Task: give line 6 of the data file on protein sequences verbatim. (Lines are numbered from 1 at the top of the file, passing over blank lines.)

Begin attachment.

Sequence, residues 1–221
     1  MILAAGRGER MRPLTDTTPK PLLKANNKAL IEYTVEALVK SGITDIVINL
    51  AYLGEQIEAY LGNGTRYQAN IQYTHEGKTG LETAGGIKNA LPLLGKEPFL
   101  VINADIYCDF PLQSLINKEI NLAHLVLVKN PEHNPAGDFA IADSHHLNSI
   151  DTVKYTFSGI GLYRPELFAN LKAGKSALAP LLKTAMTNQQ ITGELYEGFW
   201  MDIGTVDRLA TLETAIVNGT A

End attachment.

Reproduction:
   201  MDIGTVDRLA TLETAIVNGT A